Nugget of Knowledge: Chocolate chip cookies


Why don't chocolate chips melt when you bake them in cookies?

(WYTV) – There’s nothing quite like the smell of homemade chocolate chip cookies coming hot from the oven.

The cookies have been baking in an oven at 350 degrees, but the chocolate usually remain solid. Why?

The first chocolate chip cookie came from Kenneth and Ruth Wakefield, who were running the Toll House Inn near Whitman, Massachusetts in the 1930s. It was known for its home cooking.

Ruth set out to invent a new kind of cookie. She added chopped-up bits from a Nestle semi-sweet chocolate bar to cookie dough found what she wanted: the chips did not melt. They held firm, and the chocolate chip cookie was born.

The Toll House brand soon dominated the market, and Nestlé used the name for recipes and on packaging.

So why didn’t the chips melt?

They’re not supposed to.

Unlike baking chocolate, chocolate chips have less cocoa butter, which makes them more resistant to heat. Some chips also have soy to help keep their shape.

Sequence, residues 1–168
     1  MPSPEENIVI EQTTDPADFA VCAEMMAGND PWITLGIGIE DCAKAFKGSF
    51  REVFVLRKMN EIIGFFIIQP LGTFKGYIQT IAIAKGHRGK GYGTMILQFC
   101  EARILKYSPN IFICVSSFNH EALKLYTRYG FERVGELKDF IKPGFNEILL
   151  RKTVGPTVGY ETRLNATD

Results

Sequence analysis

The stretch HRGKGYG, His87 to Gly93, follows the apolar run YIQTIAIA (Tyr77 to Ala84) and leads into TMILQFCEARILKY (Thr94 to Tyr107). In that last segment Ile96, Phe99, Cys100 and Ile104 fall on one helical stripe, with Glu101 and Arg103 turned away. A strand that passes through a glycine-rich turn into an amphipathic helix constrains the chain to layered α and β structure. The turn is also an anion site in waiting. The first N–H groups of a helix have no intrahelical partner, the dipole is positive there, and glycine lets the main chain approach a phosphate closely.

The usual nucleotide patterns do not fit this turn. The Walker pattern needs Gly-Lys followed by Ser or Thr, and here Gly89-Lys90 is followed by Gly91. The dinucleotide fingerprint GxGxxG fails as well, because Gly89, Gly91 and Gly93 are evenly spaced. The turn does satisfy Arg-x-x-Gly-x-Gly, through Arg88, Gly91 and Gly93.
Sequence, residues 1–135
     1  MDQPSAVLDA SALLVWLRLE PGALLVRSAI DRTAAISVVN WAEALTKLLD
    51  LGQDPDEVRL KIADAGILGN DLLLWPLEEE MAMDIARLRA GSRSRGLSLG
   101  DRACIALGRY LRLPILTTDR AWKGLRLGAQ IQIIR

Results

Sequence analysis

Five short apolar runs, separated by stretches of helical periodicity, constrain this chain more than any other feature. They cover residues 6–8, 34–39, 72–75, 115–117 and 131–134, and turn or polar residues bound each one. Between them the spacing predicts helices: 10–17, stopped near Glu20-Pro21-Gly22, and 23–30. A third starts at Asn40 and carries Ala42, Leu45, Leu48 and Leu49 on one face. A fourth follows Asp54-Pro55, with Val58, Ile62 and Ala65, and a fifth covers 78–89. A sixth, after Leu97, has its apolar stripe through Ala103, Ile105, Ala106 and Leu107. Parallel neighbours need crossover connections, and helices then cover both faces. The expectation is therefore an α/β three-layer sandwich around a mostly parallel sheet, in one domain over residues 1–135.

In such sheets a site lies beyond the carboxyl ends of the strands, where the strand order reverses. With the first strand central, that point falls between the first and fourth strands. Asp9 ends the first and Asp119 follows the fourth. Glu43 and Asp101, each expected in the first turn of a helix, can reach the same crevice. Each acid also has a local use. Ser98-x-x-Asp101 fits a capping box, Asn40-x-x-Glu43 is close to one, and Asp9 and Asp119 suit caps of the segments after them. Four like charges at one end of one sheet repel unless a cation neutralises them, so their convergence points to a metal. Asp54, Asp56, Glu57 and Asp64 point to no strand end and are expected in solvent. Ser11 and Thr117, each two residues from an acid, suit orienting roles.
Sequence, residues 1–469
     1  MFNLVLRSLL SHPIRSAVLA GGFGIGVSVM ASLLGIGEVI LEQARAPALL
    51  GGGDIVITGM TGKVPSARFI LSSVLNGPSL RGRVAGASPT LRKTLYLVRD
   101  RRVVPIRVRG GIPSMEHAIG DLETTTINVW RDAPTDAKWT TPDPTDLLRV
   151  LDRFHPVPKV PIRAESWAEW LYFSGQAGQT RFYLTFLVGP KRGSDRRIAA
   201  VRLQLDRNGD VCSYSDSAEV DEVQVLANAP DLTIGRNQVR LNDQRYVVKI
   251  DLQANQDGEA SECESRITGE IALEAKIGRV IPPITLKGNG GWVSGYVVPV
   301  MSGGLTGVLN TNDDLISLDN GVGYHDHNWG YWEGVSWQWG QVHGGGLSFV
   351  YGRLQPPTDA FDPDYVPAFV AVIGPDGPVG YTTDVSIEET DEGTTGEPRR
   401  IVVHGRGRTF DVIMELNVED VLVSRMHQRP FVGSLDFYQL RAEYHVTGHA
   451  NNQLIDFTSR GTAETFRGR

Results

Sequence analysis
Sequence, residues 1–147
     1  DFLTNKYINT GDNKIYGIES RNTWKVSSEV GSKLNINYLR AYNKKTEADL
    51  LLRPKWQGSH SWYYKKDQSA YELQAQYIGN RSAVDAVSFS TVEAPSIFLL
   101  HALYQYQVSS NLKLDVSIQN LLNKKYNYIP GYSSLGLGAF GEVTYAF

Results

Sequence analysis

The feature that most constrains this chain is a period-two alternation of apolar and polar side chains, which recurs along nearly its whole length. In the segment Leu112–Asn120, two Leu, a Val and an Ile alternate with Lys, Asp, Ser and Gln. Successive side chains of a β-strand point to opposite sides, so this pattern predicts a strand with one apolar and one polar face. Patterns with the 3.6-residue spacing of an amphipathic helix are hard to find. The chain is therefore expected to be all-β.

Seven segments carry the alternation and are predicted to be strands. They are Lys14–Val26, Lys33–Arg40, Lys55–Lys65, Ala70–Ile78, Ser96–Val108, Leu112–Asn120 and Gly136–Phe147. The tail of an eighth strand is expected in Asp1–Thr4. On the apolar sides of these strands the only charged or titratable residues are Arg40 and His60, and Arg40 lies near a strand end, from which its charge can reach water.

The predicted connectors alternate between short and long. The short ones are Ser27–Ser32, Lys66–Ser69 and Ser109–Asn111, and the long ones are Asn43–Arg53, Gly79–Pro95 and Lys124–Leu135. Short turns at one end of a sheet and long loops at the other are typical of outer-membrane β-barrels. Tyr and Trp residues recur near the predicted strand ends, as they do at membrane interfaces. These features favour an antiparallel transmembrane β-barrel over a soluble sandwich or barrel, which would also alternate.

Some chips, such as Nestlé’s Morsels do melt when you bake them, but the cookie dough bakes firm around them and then the chips cool, they turn solid again, looking as though they never melted.

Back to Ruth Wakefield — she invented the chocolate chip cookie, but did she make any money from it?

The Nestle company paid her exactly $1 for the rights to the Toll House name in 1939. But Nestlé also gave a lifetime supply of their heat-resistant chocolate.

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